Whiffen v. Colvin

Filing 13

MEMORANDUM-DECISION and ORDER - That the decision of the Commissioner is AFFIRMED and Whiffen's complaint (Dkt. No. 1) is DISMISSED. That the Clerk close this case. Signed by Senior Judge Gary L. Sharpe on 9/7/2016. (jel, )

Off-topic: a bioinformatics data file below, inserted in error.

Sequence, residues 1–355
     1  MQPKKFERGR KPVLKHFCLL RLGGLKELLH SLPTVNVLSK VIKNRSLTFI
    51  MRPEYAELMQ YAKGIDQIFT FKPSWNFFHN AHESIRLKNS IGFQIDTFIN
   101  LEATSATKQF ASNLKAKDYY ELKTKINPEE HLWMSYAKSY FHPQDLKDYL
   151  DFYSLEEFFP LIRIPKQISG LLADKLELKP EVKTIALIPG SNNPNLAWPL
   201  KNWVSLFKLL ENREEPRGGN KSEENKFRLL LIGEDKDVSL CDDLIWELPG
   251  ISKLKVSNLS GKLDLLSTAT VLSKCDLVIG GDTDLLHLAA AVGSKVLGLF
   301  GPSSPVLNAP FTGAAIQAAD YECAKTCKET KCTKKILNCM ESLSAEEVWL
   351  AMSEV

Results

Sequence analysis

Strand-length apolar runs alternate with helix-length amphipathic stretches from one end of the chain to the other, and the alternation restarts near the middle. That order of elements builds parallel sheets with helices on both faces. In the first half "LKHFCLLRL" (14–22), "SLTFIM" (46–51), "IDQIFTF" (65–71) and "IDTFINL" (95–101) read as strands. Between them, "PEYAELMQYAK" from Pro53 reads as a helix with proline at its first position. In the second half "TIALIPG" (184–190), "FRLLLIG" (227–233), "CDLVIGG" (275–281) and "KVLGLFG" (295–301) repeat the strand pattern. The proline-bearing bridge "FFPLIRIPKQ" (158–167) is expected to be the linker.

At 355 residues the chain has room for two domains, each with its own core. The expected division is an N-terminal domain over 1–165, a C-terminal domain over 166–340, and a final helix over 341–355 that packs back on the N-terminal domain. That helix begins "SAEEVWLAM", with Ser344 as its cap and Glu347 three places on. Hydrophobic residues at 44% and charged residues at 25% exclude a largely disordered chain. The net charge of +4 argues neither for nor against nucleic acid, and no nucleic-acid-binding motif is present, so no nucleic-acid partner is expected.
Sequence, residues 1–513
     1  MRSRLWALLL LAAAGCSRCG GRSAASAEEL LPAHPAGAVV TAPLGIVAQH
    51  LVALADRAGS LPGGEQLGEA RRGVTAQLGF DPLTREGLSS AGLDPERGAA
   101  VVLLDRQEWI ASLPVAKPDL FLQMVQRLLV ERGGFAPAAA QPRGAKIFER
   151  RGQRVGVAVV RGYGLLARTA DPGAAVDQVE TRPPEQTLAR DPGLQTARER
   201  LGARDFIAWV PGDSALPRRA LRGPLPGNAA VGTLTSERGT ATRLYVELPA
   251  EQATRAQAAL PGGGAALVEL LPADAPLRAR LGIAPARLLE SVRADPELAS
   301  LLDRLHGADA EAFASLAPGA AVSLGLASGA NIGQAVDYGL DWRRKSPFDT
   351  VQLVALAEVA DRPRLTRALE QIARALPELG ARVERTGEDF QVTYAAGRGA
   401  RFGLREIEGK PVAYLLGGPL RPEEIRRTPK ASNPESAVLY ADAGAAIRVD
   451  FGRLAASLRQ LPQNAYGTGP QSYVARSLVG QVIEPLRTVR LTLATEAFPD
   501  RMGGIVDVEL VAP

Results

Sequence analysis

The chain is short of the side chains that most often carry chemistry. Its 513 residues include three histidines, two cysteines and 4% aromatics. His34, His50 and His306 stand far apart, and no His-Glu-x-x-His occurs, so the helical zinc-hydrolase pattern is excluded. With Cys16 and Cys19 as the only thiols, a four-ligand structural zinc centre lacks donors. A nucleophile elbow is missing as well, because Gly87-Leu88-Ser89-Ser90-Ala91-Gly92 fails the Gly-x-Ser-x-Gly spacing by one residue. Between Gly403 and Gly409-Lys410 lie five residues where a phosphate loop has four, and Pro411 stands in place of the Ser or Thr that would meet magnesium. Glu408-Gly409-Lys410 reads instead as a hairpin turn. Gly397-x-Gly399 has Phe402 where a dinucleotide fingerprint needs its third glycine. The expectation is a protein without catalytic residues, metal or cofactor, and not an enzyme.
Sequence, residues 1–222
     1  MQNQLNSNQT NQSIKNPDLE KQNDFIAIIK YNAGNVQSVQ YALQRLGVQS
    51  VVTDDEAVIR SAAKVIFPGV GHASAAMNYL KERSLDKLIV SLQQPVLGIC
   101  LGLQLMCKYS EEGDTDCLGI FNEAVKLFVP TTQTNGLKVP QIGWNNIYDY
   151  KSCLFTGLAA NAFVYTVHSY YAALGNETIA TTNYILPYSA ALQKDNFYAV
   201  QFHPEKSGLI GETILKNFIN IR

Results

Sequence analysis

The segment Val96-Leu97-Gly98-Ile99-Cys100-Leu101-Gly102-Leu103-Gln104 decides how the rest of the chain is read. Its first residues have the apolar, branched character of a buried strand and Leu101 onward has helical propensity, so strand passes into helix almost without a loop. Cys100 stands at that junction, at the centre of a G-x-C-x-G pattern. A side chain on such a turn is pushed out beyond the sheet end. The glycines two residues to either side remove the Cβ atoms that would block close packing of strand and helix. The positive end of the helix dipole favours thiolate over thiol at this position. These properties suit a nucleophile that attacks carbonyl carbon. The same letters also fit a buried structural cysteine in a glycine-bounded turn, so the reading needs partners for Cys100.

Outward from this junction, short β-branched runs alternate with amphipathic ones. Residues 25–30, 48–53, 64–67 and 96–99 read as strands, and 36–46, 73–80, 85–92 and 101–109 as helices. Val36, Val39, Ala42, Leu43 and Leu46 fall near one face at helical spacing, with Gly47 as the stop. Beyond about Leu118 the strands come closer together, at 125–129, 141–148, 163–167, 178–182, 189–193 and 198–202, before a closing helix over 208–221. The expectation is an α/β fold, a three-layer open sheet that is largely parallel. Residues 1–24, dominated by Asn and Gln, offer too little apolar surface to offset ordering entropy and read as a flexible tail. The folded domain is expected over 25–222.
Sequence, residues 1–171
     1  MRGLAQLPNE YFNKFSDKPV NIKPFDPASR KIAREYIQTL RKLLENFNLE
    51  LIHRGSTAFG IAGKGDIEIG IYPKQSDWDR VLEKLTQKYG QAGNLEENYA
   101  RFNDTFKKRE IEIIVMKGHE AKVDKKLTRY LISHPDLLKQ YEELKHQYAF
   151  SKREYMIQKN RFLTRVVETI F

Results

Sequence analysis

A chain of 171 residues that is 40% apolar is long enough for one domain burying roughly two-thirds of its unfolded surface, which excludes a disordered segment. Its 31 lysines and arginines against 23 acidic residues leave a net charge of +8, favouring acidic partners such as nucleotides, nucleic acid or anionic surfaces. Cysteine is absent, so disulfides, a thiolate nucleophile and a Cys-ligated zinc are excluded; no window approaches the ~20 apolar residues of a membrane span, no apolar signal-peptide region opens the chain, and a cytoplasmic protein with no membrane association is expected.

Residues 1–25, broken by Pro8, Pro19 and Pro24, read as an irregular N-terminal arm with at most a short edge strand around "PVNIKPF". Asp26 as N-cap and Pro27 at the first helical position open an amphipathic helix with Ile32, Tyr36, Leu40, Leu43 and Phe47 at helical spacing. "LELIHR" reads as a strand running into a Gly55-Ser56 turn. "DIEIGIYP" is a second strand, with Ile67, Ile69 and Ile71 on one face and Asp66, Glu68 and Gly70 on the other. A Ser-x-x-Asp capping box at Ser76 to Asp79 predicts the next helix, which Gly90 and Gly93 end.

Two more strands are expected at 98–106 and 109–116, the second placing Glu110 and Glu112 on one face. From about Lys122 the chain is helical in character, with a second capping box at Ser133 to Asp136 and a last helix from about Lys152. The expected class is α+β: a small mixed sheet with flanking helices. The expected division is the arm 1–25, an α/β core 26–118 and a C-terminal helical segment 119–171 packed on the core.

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UNITED STATES DISTRICT COURT NORTHERN DISTRICT OF NEW YORK ________________________________ TRACEY L. WHIFFEN, Plaintiff, 5:15-cv-808 (GLS) v. CAROLYN W. COLVIN, Commissioner of Social Security, Defendant. ________________________________ APPEARANCES: OF COUNSEL: FOR THE PLAINTIFF: Olinsky Law Group 300 S. State Street Suite 420 Syracuse, NY 13202 FOR THE DEFENDANTS: HON. RICHARD S. HARTUNIAN United States Attorney 100 South Clinton Street Syracuse, NY 13261 Steven P. Conte Regional Chief Counsel Office of General Counsel, Region II 26 Federal Plaza, Room 3904 New York, NY 10278 Gary L. Sharpe Senior District Judge HOWARD D. OLINSKY, ESQ. ANDREEA L. LECHLEITNER Special Assistant U.S. Attorney MEMORANDUM-DECISION AND ORDER I. Introduction Plaintiff Tracey Whiffen challenges the Commissioner of Social Security’s denial of Disability Insurance Benefits (DIB), seeking judicial review under 42 U.S.C. § 405(g). (Compl., Dkt. No. 1.) After reviewing the administrative record and carefully considering Whiffen’s arguments, the Commissioner’s decision is affirmed and the complaint is dismissed. II. Background On July 3, 2012, Whiffen filed an application for DIB under the Social Security Act (“the Act”), alleging an onset date of August 2, 2004. (Tr.1 at 68, 142-43.) After her application was denied, (id. at 68-76), Whiffen requested a hearing before an Administrative Law Judge (ALJ), (id. at 8889), which was held on November 20, 2013, (id. at 35-67). On April 25, 2014, the ALJ issued an unfavorable decision finding Whiffen not disabled and denying the requested benefits, (id. at 17-34), which became the Commissioner’s final determination upon the Appeals Council’s denial of review, (id. at 1-6). 1 Page references preceded by “Tr.” are to the Administrative Transcript. (Dkt. No. 7.) 2 Whiffen commenced this action by filing her complaint on July 1, 2015 wherein she sought review of the Commissioner’s determination. (See generally Compl.) The Commissioner filed an answer and a certified copy of the administrative transcript. (Dkt. Nos. 6, 7.) Each party, seeking judgment on the pleadings, filed a brief. (Dkt. Nos. 10, 11.) III. Contentions Whiffen contends that the Commissioner’s decision is tainted by legal error and is not supported by substantial evidence. (Dkt. No. 10 at 9-18.) Specifically, Whiffen argues that the ALJ’s residual functional capacity (RFC) determinations is flawed. (Id. at 9-16.) In addition, Whiffen argues that the ALJ erred by failing to consult a vocational expert (VE) in step five of the sequential analysis because she had both exertional and nonexertional impairments. (Id. at 16-18.) In response, the Commissioner argues that the ALJ’s RFC determination was supported by substantial evidence. (Dkt. No. 11 at 5-16.) The Commissioner also contends that the ALJ was not required to obtain the testimony of a VE. (Id. at 17-18.) IV. Facts The court adopts the undisputed factual recitations of the parties and 3 the ALJ. (Dkt. No. 10 at 1-2; Dkt. No. 11 at 2-9; Tr. at 22-29.) V. Standard of Review The standard for reviewing the Commissioner’s final decision under 42 U.S.C. § 405(g) is well established and will not be repeated here. For a full discussion of the standard and the five-step process by which the Commissioner evaluates whether a claimant is disabled under the Act, the court refers the parties to its previous decision in Christiana v. Comm’r of Soc. Sec. Admin., No. 1:05-CV-932, 2008 WL 759076, at *1-3 (N.D.N.Y. Mar. 19, 2008). VI. Discussion A. RFC Determination A claimant’s RFC “is the most [she] can still do despite [her] limitations.” 20 C.F.R. § 404.1545(a)(1). In assessing a claimant’s RFC, an ALJ must consider “all of the relevant medical and other evidence,” including a claimant’s subjective complaints of pain. Id. § 404.1545(a)(3). An ALJ’s RFC determination must be supported by substantial evidence2 in the record. See 42 U.S.C. § 405(g). If it is, that determination is 2 “Substantial evidence is defined as more than a mere scintilla. It means such relevant evidence as a reasonable mind might accept to support a conclusion.” Alston v. Sullivan, 904 F.2d 122, 126 (2d Cir. 1990) (internal quotation marks and citations omitted). 4 conclusive and must be affirmed upon judicial review. See id.; Perez v. Chater, 77 F.3d 41, 46 (2d Cir. 1996). Whiffen makes three arguments contesting the ALJ’s RFC determination. First, she asserts that the ALJ improperly relied on the December 2013 opinion of consultative examiner Kalyani Ganesh. (Dkt. No. 10 at 10,13-14.) Second, she contends that the ALJ failed to account for limitations for her neck, right shoulder, and right wrist. (Id. at 10-13.) Finally, Whiffen asserts that the ALJ improperly assessed her credibility. (Id. at 14-16.) 1. Evaluating Medical Opinion Evidence Whiffen argues that Dr. Ganesh’s opinion is unreliable because it is inconsistent with other medical evidence. (Id. at 10.) Whiffen maintains that the ALJ should have fully credited the opinions of independent medical examiners (IME) Donald Paarlberg and Steven Hausmann. (Id. at 13.) Whiffen also asserts that Dr. Ganesh’s opinion is not valid because the examination occurred almost two years after September 30, 2011, the date Whiffen was last insured. (Id. at 13-14.) 5 The ALJ found that Whiffen had the RFC to perform medium work,3 which included lifting no more than fifty pounds at a time and frequently lifting twenty-five pounds, standing and sitting for six hours, and carrying out all other exertional activities continuously. (Tr. at 25.) Additionally, the ALJ determined that Whiffen could follow and perform simple tasks independently, maintain concentration, interact appropriately with coworkers, and handle reasonable levels of stress. (Id.) In making his determination, the ALJ gave great weight to the opinion of Dr. Ganesh that Whiffen could perform at least medium work. (Id. at 27, 669-72.) Contrary to Whiffen’s contention, Dr. Ganesh’s opinion is consistent with the record medical evidence. For one, Dr. Ganesh’s examination findings revealed unremarkable results. (Id. at 670-71.) For example, Whiffen had normal gait and balance, had full fine motor strength at 5/5 bilaterally with her hand and finger dexterity intact, had normal range of motion in her spine and neck, presented with full strength in her upper and lower extremities, and had normal sensory responses. (Id.) Accordingly, Dr. Ganesh’s opinion was supported by his examination findings. See 20 3 “Medium work involves lifting no more than [fifty] pounds at a time with frequent lifting or carrying of objects weighing up to [twenty-five] pounds.” 20 C.F.R. § 404.1567(c). 6 C.F.R. § 404.14527(c)(3) (“The more a medical source presents relevant evidence to support an opinion, particularly medical signs and laboratory findings, the more weight we will give that opinion.”) Furthermore, these findings were consistent with other medical evidence in the record. An MRI of Whiffen’s right shoulder during the relevant period produced negative results. (Tr. at 508.) Additionally, x-rays of her wrist in August 2004 revealed normal results. (Id. at 206.) Finally, MRIs of Whiffen’s back presented mild degenerative changes and an MRI of her neck showed disc protrusion but not herniations. (Id. at 213, 436, 441-42.) The ALJ also did not err when he afforded less weight to the medical opinions of Drs. Paarlberg and Hausmann, neither of whom treated Whiffen. Both doctors opined that Whiffen could not lift more than ten to twenty pounds repetitively. (Id. at 203, 213.) Dr. Paarlberg examined Whiffen in July 2005, only a few months after her May 2005 carpal tunnel release surgery. (Id. at 200-03.) His opinion is belied by subsequent clinical findings indicating that Whiffen’s condition improved after surgery. (Id. at 226.) Additionally, as discussed further below, the opinions of both doctors are inconsistent with Whiffen’s reported activities of daily living, a normal MRI imaging of her right shoulder, and Dr. Ganesh’s opinion. See 7 20 C.F.R. § 404.1527(c)(4) (“Generally, the more consistent an opinion is with the record as a whole, the more weight [the ALJ] will give to that opinion.”); (Tr. at 216, 224, 508, 669-79.) Finally, Dr. Ganesh’s opinion remains relevant although he examined Whiffen almost two years after the date of her last insured. As noted above, Dr. Ganesh’s opinion is consistent with medical evidence taken during the relevant period. See McGregor v. Astrue, 993 F. Supp. 2d 130, 138 n.6 (N.D.N.Y. 2012) (considering a medical opinion rendered after the date that the claimant was last insured when it was consistent with medical evidence from the relevant period). Additionally, as the Commissioner notes, (Dkt. No. 11 at 8-9), Whiffen reported to Dr. Ganesh that her musculoskeletal pain and carpal tunnel syndrome had worsened, (Tr. at 669), and she testified at the hearing that her conditions of chronic pain and nerve damage “probably won’t get any better,” (Id. at 50). Because Dr. Ganesh found that Whiffen could still perform medium work with such symptoms, this opinion reasonably suggests that Whiffen was not disabled during the relevant period when her symptoms were not as severe. In sum, the ALJ did not err by affording great weight to the opinion of Dr. Ganesh and less weight to the opinions of Drs. Paarlberg and 8 Hausmann. 2. Limitations Due to Physical Impairments Whiffen contends that the ALJ erred by failing to include limitations because of her neck, right shoulder, and right wrist. (Dkt. No. 10 at 10-13.) The Commissioner asserts that the ALJ’s decision to omit limitations for these conditions was supported by substantial evidence. (Dkt. No. 11 at 79.) Regarding Whiffen’s right wrist, there is evidence in the record that she had negative results in her Phalen test, which diagnoses carpal tunnel syndrome, and her Finkelstein test, which evaluates tendon inflammation, after her May 2005 right wrist surgery. (Tr. at 202.) Additionally, Dr. Hausmann, who the ALJ afforded some weight, found that Whiffen had a normal range of motion in her wrists and no hand weakness. (Id. at 226.) In fact, Dr. Hausmann opined that Whiffen was able to return to work without restrictions in her right arm below chest level. (Id.) In January 2011, treating physician Carmen Federico evaluated Whiffen, and Whiffen did not complain of any pain. (Id. at 301.) In the November 2011 treatment notes of nurse practitioner Kristy Ventura, she opined that Whiffen did not have weakness in her wrist flexors and only mild weakness 9 with wrist extension and finger adduction. (Id. at 604.) Dr. Ganesh also noted that Whiffen could continuously use her hands to reach, push, and pull. (Id. at 675.) As to Whiffen’s right shoulder, an MRI of this area revealed negative results. (Id. at 508.) In August 2008, Whiffen went to the emergency room complaining of pain in her right shoulder but left before an examination, suggesting that the pain was not that serious. (Id. at 238-39.) Although Dr. Hausmann could not fully evaluate Whiffen’s shoulder because she wouldn’t allow him to move it, he determined that she could return to work. (Id. at 226.) Dr. Ganesh also opined that Whiffen could continuously reach overhead. (Id. at 675.) In the January 2011 notes from Whiffen’s treating physician Dr. Federico, she noted that Whiffen’s neck had full range of motion and was supple. (Id. at 302.) Additionally, Whiffen did not complain of neck pain to Dr. Paarlberg. (Id. at 200-03.) Dr. Hausmann noted that Whiffen had a degenerative neck and was at the maximum medical improvement but could return to work. (Id. at 213-14.) While Whiffen cites evidence to support her right wrist, right shoulder, and neck limitations, (Dkt. No. 10 at 10-13), “whether there is 10 substantial evidence supporting the appellant’s view is not the question,” instead, the court must “decide whether substantial evidence supports the ALJ’s decision.” Bonet ex rel. T.B. v. Colvin, 523 F. App’x 58, 59 (2d. Cir. 2013). Here, substantial evidence supports the ALJ’s RFC determination, which excluded limitations on Whiffen’s neck, right shoulder, and right wrist. 3. Credibility Determination Whiffen argues that the ALJ’s credibility determination was not supported by substantial evidence. (Dkt. No. 10 at 14-16.) Whiffen first contends that her reported daily activities were consistent with her disability allegations. (Id. at 15.) Specifically, Whiffen contests that her part-time work at Wal-Mart amounted to substantial gainful activity. (Id. 15-16.) Whiffen also asserts that the ALJ was not sufficiently specific when he noted that her work history “did not enhance her credibility.” (Id. at 16, (citing Tr. at 27).) The Commissioner responds that: (1) Whiffen’s daily activities were in conflict with her disability allegations; (2) work does not have to be substantial to be factored into an ALJ’s credibility assessment; and (3) the ALJ specifically found that Whiffen’s work history detracted from her credibility. (Dkt. No. 11 at 15-16.) 11 Once the ALJ determines that the claimant suffers from a “medically determinable impairment[] that could reasonably be expected to produce the [symptoms] alleged,” he “must evaluate the intensity and persistence of those symptoms considering all of the available evidence; and, to the extent that the claimant’s [subjective] contentions are not substantiated by the objective medical evidence, the ALJ must engage in a credibility inquiry.” Meadors v. Astrue, 370 F. App’x 179, 183 (2d Cir. 2010) (internal quotation marks and citations omitted). In performing this analysis, the ALJ “is not required to accept the claimant’s subjective complaints without question; he may exercise discretion in weighing the credibility of the claimant’s testimony in light of the other evidence in the record.” Genier v. Astrue, 606 F.3d 46, 49 (2d Cir. 2010). Specifically, in addition to the objective medical evidence, the ALJ must consider the following factors: “1) daily activities; 2) location, duration, frequency and intensity of any symptoms; 3) precipitating and aggravating factors; 4) type, dosage, effectiveness and side effects of any medications taken; 5) other treatment received; and 6) other measures taken to relieve symptoms.” F.S. v. Astrue, No. 1:10-CV-444, 2012 WL 514944, at *19 (N.D.N.Y. Feb. 15, 2012) (citing 20 C.F.R. § 404.1529(c)(3)(i)-(vi)). 12 Whiffen alleges that she is disabled because of nerve damage in her back, neck, and right arm and that she suffers from headaches and migraines. (Tr. at 159.) She agrees that she is able to perform some housework and has the ability to drive, but she asserts that these activities are generally consistent with her disability allegations. (Dkt. No. 10 at 15.) Nevertheless, Whiffen’s reported ability to perform such activities has a bearing on her credibility. See 20 C.F.R. § 404.1529(c); Cichocki v. Astrue, 729 F.3d 172, 178 (2d Cir. 2013). Whiffen also admitted that she retained the ability to cook, clean, shop, and care for herself and her children. (Tr. at 216, 224, 670.) In addition, Whiffen held a part-time job at Wal-Mart as a fitting room attendant. (Id. at 160.) Although the ALJ found that this job did not amount to substantial gainful activity under step two of the sequential analysis, (Id. at 22-23), it is still relevant to Whiffen’s credibility in determining her RFC, see 20 C.F.R. § 404.1571. Accordingly, Whiffen’s daily activities in combination with the medical evidence discussed above support the ALJ’s credibility determination. Finally, the ALJ’s finding that Whiffen’s “work history did not enhance her credibility” is a sufficiently clear statement to show that this factor weighed against her credibility. (Tr. at 27.) Notably, after this statement, 13 the ALJ cited to Whiffen’s summary earnings query, which showed minimal earnings and a sparse work history. (Id. at 152.) As such, it was evident that the ALJ weighed Whiffen’s work history against her in his credibility determination. See Hamedallah ex rel. E.B. v. Astrue, 876 F. Supp. 2d 133, 151 (N.D.N.Y. 2012) (noting that a credibility finding must be sufficiently specific). C. VE Testimony At step five of the sequential analysis, the burden shifts to the Commissioner to produce evidence that an alternative job exists which the claimant is capable of performing. See Balsamo v. Chater, 142 F.3d 75, 80 (2d Cir. 1998); Carroll v. Sec’y of Health & Human Servs., 705 F.2d 638, 642 (2d Cir. 1983); see also 20 C.F.R. § 404.1560(c)(2). To that end, the Commissioner must show a job existing in significant numbers in the national economy that the claimant can perform based on her RFC, age, education, and prior vocational experience. See 42 U.S.C. § 423(d)(2)(A); 20 C.F.R. § 404.1560(c)(2). In making a step five ruling, an ALJ may rely on the Medical–Vocational Guidelines found in 20 C.F.R. pt. 404, subpt. P, app. 2, as long as the claimant’s age, education, work experience, and RFC 14 coincide with the criteria of a rule contained in those Guidelines. See 20 C.F.R. § 404.1569; see also Calabrese v. Astrue, 358 F. App’x 274, 275 n.1 (2d Cir. 2009). However, when the claimant’s nonexertional impairments4 “significantly limit the range of work permitted by his exertional limitations,” the Commissioner “must introduce the testimony of a [VE] (or other similar evidence) that jobs exist in the economy which [the] claimant can obtain and perform.” Bapp v. Bowen, 802 F.2d 601, 603, 605 (2d Cir. 1986) (internal quotation marks and citation omitted); see Zabala v. Astrue, 595 F.3d 402, 410-11 (2d Cir. 2010). “A nonexertional impairment significantly limits [the] claimant’s range of work when it causes an additional loss of work capacity beyond a negligible one or, in other words, one that so narrows [the] claimant’s possible range of work as to deprive him of a meaningful employment opportunity.” Zabala, 595 F.3d at 410-11 (internal quotation marks and citation omitted). Here, the ALJ found that Whiffen had the RFC to perform medium work without limitations. (Tr. at 25-28.) As noted above, see Part VI.A, the court agrees that this RFC determination is supported by substantial 4 Nonexertional impairments are “[l]imitations or restrictions which affect [the claimant’s] ability to meet the demands of the jobs other than the strength demands.” 20 C.F.R. § 404.1569a(a). 15 evidence. Because the ALJ did not find that Whiffen had any nonexertional impairments which would restrict her ability to perform medium work, he was not required to elicit VE testimony. See Zabala, 595 F.3d at 410; Bapp, 802 F.2d at 603, 605. Rather, the ALJ correctly relied on the Guidelines to support his finding of no disability at step five of the sequential analysis. See 20 C.F.R. § 404.1569. D. Remaining Findings and Conclusions After careful review of the record, the court affirms the remainder of the ALJ’s decision as it is supported by substantial evidence. VII. Conclusion WHEREFORE, for the foregoing reasons, it is hereby ORDERED that the decision of the Commissioner is AFFIRMED and Whiffen’s complaint (Dkt. No. 1) is DISMISSED; and it is further ORDERED that the Clerk close this case and provide a copy of this Memorandum-Decision and Order to the parties. IT IS SO ORDERED. September 7, 2016 Albany, New York 16